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Black Lamb

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Now in its 14th year of publication, this magazine was created to offer the discerning reader a stimulating selection of excellent original writing. Black Lamb Review is a literate rather than a literary publication. Regular columns by writers in a variety of geographic locations and vocations are supplemented by features, reviews, articles on books and authors, and a selection of “departments,” including an acerbic advice column and a lamb recipe.

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I saw the cutest thing…

March 1st, 2007

nastybirdBY STEPHEN STARBUCK

I was nearing our apartment in Brooklyn on a bright brisk day, and near a neighbor’s stoop saw a little sparrow standing sentinel over the mangled body of its compatriot: neck torn, thoroughly flattened ruffles, supine. Birds aren’t supposed to do supine. Must’ve been a cat done that, I thought. And that little sparrow sentinel was as puffed up and erect as an honor guard, motionless, a picture of stoic mourning and regard. Trying to assume a portion of his mantle of respect, I shuffled quietly past, not two feet past, and looked back at the maudlin, heart-tugging scene… and the little sparrow was pecking chunks of flesh out of that torn neck, avidly.

I was telling this story to a friend of mine, Rolyn. His eyes went glassy with nostalgia. Or at least I think they did, they sounded like they did, over the instant messaging service. Over a decade ago, he sighed orthographically, “(sigh),” relatively new to New York, he went to the Met, the grand museum inset into the edge of Central Park (the Upper Middle East, as my brother calls it). As he left, down the grand steps and then walking down the tree-lined front walk along Fifth Avenue, he saw a bunch of tourists all looking up into the branches of a particular tree, oohing and ahhhing. It was Pale Male, before he was known by that name, a beautiful lightly colored hawk destined for an extended moment of celebrity. And the small crowd was just marveling at his beauty. So Rolyn stopped to take a look, too. After a few minutes of listening to all the compliments people were bestowing upon him, Pale Male swooped down to a robin’s nest, stuck his beak into the nest and proceeded to shake his head around with purposeful, syncopated violence, absolutely wrecking every egg inside the nest, egg flying everywhere. A collective, horrified gasp ejaculated from the crowd. It was, Rolyn finished, marvelous.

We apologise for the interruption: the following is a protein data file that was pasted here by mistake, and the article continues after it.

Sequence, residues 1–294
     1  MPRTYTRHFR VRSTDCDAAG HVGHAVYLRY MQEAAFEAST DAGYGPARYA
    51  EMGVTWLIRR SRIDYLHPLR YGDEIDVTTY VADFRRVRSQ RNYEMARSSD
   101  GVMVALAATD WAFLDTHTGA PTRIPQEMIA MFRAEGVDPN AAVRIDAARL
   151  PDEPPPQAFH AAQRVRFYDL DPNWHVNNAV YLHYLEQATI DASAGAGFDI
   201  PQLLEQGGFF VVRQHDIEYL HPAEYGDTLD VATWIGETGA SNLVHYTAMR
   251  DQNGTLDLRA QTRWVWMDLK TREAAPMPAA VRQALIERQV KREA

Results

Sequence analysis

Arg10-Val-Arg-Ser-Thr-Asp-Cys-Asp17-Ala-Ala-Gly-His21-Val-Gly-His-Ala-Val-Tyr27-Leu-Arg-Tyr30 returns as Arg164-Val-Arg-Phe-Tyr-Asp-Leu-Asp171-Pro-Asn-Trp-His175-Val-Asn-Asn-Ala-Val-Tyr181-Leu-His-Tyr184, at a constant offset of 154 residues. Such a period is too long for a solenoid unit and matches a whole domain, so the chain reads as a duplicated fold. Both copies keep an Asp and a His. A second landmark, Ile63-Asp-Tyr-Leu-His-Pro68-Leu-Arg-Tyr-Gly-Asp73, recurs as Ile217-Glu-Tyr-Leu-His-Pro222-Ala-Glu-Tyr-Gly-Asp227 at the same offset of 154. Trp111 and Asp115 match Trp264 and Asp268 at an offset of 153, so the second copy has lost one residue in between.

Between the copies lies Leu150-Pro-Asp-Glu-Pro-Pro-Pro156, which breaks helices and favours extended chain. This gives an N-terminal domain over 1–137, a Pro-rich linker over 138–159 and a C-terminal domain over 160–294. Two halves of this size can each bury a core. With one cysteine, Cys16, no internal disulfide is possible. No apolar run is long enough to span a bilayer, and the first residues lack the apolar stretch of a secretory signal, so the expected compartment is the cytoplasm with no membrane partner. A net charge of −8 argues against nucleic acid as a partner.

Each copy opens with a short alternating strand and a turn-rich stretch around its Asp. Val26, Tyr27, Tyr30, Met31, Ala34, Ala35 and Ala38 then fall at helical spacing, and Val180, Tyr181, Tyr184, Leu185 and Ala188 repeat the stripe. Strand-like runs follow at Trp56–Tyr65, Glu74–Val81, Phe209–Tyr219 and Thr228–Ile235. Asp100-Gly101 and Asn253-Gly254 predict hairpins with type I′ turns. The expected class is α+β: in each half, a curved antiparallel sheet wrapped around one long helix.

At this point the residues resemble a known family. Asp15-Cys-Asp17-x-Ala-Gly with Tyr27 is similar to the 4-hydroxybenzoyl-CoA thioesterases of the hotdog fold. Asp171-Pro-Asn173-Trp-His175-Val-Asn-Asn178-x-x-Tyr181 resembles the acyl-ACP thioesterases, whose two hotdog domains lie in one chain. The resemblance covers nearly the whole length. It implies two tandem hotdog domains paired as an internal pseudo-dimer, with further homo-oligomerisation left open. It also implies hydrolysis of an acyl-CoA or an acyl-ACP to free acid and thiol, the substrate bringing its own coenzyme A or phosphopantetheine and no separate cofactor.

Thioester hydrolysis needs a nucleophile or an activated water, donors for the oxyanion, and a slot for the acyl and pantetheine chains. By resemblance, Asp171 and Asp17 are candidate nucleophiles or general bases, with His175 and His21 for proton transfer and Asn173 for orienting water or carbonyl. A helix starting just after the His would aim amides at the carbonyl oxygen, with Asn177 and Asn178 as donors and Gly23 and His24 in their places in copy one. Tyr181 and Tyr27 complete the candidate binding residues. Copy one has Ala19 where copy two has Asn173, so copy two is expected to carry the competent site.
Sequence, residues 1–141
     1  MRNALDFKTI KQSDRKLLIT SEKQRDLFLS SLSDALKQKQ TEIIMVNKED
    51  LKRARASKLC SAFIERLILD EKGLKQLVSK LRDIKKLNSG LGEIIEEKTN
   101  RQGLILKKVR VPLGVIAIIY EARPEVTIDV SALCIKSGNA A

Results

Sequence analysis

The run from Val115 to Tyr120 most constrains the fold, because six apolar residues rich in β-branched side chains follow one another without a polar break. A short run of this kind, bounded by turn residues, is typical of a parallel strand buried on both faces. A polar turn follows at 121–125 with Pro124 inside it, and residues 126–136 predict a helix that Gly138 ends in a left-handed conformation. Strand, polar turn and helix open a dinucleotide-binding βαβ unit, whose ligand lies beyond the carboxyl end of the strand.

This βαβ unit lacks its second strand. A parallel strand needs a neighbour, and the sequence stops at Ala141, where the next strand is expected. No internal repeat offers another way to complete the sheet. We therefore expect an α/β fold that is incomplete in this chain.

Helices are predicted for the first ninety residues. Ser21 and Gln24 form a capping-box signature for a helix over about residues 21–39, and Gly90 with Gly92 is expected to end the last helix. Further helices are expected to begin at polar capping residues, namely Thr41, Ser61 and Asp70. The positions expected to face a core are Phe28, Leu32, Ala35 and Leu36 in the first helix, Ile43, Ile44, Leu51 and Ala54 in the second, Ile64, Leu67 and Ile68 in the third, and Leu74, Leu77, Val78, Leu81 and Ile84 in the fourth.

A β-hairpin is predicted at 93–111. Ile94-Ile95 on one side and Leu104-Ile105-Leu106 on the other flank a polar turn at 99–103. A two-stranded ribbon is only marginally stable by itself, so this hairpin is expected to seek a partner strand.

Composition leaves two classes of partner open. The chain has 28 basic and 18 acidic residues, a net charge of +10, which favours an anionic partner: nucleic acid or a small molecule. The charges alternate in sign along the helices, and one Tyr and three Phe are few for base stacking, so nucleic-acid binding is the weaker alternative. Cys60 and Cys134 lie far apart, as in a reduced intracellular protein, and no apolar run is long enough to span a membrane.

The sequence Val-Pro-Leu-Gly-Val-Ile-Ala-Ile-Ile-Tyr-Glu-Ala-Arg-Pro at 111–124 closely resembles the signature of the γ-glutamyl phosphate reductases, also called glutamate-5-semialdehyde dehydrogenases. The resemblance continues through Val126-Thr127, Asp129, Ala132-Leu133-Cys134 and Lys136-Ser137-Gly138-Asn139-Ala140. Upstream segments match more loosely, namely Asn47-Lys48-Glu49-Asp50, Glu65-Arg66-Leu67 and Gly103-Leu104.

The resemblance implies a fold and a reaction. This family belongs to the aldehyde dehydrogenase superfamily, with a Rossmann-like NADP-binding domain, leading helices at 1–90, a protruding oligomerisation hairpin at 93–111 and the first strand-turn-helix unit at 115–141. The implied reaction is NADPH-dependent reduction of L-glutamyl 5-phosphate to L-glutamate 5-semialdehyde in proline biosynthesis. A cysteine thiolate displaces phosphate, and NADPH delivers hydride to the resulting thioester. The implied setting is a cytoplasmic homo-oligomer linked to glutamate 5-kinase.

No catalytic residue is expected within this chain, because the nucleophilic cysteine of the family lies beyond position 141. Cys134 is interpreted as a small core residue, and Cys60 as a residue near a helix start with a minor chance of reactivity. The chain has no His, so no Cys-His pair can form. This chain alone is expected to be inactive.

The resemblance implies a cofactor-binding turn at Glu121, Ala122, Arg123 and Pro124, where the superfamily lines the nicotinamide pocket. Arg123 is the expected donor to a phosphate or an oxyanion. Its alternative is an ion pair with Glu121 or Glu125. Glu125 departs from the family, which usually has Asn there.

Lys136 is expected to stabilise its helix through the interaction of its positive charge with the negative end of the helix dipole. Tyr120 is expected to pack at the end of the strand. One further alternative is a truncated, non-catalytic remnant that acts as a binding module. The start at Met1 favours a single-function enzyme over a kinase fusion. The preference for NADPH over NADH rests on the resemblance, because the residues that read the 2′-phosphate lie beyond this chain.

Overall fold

These are the stories that occur to me, as I stare down this particular phrase, culled from published PR material under his byline, that I have to absorb and rewrite for the CEO of an S&P 500 client: “This progress is essential to our ability to be able to access….”

* * *

Much cuter:

Ada loves her Playdough and demands it politely often (loud, barked PAY-DOH followed by PEASE). The other day, she asked me for the “roller… roller…” rolling it around on her tongue, “roller… stick!” which we use to flatten the dough out so she can make cookie-cutter stars. And I thought, what a milestone! She couldn’t quite remember or get the proper name out, so put its function and object-like description together, synthesizing a clear new coinage that was perfectly communicative. She jabbers a lot these days, full sentences even, but this seemed like more. I told Erin about it, and she too marveled. Our little Ada wanted the rolling pin so she described what it does and what it’s like. Yay team!

But then Erin said, well, maybe that’s what Lucy calls it. Lucy, our West Indian nanny, from Barbados, who routinely mangles her native tongue, or rather, speaks a pidgin-toed English that sometimes grates on our learned ears (and who absolutely can’t carry a tune, besides). And yeah, it sounds exactly like what Lucy would call it: rolla-stick. Perfect pinprick for my ballooning pride. •

Posted by: The Editors
Category: Starbuck | Link to this Entry

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